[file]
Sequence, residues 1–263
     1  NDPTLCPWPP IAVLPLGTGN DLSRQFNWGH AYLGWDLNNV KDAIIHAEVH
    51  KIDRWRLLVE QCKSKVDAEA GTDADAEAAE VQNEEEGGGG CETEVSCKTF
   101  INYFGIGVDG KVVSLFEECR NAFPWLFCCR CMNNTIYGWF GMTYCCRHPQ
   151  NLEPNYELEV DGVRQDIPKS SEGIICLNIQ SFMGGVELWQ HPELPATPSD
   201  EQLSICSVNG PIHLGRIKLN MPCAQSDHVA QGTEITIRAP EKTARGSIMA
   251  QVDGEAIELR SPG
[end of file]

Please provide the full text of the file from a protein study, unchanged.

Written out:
Sequence, residues 1–263
     1  NDPTLCPWPP IAVLPLGTGN DLSRQFNWGH AYLGWDLNNV KDAIIHAEVH
    51  KIDRWRLLVE QCKSKVDAEA GTDADAEAAE VQNEEEGGGG CETEVSCKTF
   101  INYFGIGVDG KVVSLFEECR NAFPWLFCCR CMNNTIYGWF GMTYCCRHPQ
   151  NLEPNYELEV DGVRQDIPKS SEGIICLNIQ SFMGGVELWQ HPELPATPSD
   201  EQLSICSVNG PIHLGRIKLN MPCAQSDHVA QGTEITIRAP EKTARGSIMA
   251  QVDGEAIELR SPG